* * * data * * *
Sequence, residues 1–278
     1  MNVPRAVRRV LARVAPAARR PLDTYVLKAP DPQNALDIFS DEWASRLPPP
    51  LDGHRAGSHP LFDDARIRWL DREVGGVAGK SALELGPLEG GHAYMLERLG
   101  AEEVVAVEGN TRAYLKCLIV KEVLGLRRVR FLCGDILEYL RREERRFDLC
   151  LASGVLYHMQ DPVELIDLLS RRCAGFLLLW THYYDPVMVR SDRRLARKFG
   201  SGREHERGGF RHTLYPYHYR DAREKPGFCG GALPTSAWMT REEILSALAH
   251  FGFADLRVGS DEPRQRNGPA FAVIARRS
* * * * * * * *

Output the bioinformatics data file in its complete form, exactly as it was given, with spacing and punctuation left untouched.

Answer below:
Sequence, residues 1–278
     1  MNVPRAVRRV LARVAPAARR PLDTYVLKAP DPQNALDIFS DEWASRLPPP
    51  LDGHRAGSHP LFDDARIRWL DREVGGVAGK SALELGPLEG GHAYMLERLG
   101  AEEVVAVEGN TRAYLKCLIV KEVLGLRRVR FLCGDILEYL RREERRFDLC
   151  LASGVLYHMQ DPVELIDLLS RRCAGFLLLW THYYDPVMVR SDRRLARKFG
   201  SGREHERGGF RHTLYPYHYR DAREKPGFCG GALPTSAWMT REEILSALAH
   251  FGFADLRVGS DEPRQRNGPA FAVIARRS